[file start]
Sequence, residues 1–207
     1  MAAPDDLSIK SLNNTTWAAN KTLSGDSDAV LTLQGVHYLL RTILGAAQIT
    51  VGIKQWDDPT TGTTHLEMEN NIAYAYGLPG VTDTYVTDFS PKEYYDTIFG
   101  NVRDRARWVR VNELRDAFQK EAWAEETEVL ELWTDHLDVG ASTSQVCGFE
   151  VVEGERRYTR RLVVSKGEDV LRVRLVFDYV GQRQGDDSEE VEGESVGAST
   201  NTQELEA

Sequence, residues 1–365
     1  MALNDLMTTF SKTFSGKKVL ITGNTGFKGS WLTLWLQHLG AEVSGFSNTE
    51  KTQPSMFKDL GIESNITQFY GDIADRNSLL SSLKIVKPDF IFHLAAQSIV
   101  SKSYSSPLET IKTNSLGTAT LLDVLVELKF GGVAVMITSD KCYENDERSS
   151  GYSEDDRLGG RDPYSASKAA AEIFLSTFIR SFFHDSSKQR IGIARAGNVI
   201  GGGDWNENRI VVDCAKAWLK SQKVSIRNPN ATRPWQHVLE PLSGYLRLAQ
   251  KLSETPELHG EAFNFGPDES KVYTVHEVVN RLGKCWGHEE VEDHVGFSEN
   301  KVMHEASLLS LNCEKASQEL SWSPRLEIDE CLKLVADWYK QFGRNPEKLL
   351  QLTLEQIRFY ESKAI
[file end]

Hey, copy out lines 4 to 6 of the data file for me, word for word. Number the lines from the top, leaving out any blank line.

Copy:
   101  NVRDRARWVR VNELRDAFQK EAWAEETEVL ELWTDHLDVG ASTSQVCGFE
   151  VVEGERRYTR RLVVSKGEDV LRVRLVFDYV GQRQGDDSEE VEGESVGAST
   201  NTQELEA